Scientists find possible new therapy for rare lung disease in children

Researchers at Cincinnati Children’s Hospital Medical Center have discovered a new gene and cell therapy that could treat a rare lung disease in children.

In the study, published in the journal Nature, researchers found that transplanting pulmonary macrophages—  immune cells—  into the lungs of mice corrected hereditary pulmonary alveolar proteinosis (hPAP).

The lung disease is caused by a build-up of surfactant, an oily substance in the air sacs of the lungs, which results in reduced lung function and eventually failure. The condition is the opposite of a common condition in premature babies, whose lungs are at a higher risk of collapsing because their air sacs will not stay open. Children with hPAP, on the other hand, have such high levels of surfactants that the children’s air sacs overinflate, and they drown internally as a result.

Between 2,000 and 3,000 children in the U.S. have hPAP, senior study author Bruce Trapnell, a physician in the division of neonatology and pulmonary biology at Cincinnati Children's Hospital Medical Center, told

The only available therapy for the rare disease— whole-lung lavage— is a difficult procedure that’s invasive, requires anesthesia and involves mechanical ventilation, Trapnell said. For the surgery, doctors must attach a breathing tube to one lung and fill the other with salt water. A few days later, the procedure is repeated on the opposite lung.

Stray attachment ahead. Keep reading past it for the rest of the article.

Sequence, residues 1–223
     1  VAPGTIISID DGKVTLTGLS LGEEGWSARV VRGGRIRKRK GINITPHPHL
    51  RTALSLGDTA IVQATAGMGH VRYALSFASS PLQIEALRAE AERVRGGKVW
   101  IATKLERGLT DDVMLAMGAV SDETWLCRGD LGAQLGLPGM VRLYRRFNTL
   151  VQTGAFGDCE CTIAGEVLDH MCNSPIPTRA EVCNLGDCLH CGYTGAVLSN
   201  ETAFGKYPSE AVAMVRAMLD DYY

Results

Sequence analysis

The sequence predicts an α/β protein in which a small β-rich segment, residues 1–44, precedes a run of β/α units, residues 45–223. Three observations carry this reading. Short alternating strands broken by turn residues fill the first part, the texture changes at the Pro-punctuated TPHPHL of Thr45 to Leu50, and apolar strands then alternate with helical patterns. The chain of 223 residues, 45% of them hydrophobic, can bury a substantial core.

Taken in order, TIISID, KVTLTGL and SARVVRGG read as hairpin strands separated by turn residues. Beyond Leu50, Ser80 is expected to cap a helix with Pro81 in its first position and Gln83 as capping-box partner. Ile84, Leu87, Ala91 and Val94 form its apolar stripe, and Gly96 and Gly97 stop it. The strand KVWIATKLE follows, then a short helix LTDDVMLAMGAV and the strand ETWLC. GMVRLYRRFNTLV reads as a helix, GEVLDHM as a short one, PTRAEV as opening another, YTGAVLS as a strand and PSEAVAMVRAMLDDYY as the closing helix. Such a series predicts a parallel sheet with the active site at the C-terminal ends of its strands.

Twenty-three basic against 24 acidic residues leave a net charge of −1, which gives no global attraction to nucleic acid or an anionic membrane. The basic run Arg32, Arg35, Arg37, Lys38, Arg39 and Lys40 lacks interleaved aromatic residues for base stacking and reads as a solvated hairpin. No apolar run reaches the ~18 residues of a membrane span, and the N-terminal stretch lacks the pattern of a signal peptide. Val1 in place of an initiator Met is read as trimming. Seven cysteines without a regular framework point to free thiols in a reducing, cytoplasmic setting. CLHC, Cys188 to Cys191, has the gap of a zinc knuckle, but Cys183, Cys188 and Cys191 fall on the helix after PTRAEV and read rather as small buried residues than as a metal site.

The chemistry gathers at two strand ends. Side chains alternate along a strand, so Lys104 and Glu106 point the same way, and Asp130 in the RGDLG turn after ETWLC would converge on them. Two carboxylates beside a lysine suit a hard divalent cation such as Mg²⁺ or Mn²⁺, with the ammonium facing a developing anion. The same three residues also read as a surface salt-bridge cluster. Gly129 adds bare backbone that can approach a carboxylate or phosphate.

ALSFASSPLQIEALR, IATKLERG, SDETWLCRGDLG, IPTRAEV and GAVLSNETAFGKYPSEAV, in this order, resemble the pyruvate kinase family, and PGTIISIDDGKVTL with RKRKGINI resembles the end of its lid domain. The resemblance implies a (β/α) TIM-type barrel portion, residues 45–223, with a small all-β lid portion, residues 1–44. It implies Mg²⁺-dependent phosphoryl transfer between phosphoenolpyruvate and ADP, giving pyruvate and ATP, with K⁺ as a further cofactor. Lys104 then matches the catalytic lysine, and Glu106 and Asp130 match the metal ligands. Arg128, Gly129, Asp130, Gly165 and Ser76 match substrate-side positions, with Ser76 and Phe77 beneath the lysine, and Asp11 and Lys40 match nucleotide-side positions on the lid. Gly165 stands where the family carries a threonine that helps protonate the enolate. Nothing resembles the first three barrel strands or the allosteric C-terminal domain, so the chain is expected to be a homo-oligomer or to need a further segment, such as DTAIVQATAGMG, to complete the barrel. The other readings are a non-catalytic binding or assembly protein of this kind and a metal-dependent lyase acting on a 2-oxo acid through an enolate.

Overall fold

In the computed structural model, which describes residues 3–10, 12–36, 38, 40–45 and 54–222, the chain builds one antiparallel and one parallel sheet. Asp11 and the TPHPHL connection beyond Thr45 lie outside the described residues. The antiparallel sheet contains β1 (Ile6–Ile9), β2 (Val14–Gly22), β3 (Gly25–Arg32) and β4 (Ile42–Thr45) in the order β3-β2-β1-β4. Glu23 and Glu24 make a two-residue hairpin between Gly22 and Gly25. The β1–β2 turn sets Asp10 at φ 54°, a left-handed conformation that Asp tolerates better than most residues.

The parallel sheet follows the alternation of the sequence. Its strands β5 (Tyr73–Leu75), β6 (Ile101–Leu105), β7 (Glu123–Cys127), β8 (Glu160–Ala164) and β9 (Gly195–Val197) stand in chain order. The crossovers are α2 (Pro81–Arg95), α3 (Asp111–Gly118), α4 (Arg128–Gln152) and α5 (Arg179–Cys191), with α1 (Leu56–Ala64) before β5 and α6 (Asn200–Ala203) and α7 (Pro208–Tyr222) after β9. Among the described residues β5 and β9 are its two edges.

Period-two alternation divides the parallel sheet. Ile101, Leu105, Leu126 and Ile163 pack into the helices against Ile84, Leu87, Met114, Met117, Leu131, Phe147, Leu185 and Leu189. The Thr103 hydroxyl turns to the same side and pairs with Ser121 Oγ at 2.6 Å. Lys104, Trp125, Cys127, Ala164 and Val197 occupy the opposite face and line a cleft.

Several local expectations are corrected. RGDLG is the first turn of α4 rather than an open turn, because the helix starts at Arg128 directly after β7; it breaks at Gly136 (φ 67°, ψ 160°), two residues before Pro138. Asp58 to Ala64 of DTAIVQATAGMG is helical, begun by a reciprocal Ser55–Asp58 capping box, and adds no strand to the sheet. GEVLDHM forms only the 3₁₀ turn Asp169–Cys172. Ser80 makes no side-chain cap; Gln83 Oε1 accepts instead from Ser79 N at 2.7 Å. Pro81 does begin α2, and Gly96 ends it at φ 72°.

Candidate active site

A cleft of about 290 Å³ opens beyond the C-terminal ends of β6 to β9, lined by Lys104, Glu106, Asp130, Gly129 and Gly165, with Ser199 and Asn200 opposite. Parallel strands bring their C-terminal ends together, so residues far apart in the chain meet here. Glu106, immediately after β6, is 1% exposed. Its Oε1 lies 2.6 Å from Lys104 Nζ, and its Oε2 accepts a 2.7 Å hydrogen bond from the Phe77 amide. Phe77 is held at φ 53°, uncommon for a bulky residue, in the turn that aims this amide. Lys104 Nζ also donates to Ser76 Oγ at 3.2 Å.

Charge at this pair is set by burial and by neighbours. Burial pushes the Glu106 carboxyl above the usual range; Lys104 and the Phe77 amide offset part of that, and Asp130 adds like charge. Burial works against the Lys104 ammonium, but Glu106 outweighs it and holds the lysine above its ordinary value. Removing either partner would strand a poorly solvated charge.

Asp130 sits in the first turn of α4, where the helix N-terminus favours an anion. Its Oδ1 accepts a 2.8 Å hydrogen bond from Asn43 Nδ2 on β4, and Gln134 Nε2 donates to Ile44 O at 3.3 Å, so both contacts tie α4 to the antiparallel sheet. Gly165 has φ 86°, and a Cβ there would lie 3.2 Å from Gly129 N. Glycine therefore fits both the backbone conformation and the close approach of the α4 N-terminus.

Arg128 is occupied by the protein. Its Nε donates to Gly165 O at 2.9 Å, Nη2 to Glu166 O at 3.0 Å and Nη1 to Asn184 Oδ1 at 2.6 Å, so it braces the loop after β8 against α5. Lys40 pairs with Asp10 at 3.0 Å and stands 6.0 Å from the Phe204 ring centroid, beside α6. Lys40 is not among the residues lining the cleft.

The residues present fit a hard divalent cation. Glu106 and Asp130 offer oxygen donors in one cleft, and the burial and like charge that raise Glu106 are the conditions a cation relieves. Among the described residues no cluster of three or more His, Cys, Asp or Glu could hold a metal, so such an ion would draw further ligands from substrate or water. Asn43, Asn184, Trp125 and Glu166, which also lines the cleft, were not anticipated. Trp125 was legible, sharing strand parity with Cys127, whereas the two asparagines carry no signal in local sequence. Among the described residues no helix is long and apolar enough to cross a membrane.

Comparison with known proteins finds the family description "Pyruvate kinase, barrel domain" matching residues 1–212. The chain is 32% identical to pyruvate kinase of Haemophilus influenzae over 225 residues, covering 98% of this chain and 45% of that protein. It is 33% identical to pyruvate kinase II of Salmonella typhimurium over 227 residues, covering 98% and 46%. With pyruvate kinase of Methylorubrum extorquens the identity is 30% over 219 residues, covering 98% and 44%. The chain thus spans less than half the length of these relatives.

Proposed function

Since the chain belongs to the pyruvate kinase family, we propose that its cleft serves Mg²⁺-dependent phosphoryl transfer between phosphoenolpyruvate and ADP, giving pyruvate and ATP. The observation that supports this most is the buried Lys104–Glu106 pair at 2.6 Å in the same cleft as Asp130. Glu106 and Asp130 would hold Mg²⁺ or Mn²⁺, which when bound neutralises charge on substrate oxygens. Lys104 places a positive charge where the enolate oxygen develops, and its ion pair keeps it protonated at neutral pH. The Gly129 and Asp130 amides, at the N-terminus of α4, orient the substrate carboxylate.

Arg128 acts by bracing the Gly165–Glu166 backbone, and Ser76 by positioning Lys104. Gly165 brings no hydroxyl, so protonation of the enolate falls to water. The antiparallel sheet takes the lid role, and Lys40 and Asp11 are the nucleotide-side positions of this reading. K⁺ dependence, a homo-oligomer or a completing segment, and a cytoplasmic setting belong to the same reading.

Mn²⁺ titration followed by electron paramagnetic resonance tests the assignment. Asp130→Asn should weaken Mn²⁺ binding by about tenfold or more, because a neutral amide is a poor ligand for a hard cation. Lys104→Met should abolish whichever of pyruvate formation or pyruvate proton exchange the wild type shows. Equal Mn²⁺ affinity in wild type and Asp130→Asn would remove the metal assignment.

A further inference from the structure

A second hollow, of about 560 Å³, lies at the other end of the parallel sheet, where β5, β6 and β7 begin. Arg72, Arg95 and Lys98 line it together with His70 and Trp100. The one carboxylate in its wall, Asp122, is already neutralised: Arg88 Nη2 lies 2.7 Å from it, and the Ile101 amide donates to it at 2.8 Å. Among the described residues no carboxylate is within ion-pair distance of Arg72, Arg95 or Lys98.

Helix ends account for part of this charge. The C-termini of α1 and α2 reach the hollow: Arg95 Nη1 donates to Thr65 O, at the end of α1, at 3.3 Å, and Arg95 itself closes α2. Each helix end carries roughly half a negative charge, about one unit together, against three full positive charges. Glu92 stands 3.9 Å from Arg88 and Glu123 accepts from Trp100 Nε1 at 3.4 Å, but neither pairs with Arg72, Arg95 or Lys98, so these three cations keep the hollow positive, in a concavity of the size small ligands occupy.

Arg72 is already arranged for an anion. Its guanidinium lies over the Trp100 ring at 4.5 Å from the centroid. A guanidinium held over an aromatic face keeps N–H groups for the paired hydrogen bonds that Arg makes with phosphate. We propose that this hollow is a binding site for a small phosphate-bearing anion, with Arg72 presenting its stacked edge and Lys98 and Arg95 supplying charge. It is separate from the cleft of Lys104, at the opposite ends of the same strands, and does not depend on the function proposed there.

“It’s like trying to wash butter out of a sponge by squirting it with a garden hose,” Trapnell said.

Searching for a different type of therapy, researchers studied transplantation of naturally healthy macrophages or gene-corrected macrophages into the lungs of mice with hPAP. The therapy corrected the disease in mice for at least one year and prevented disease-related death.

Researchers are planning clinical trials of macrophage transplantation, but they noted that questions remain. Previous research using bone marrow transplantation was successful in animal models, but failed in human trials.

“We have to address how many cells to transfer, and how the human body processes these cells," study co-author Takuji Suzuki, a scientist in the division of neonatology and pulmonary biology at Cincinnati Children’s, told

Researchers hope to begin the clinical health study in two to three years.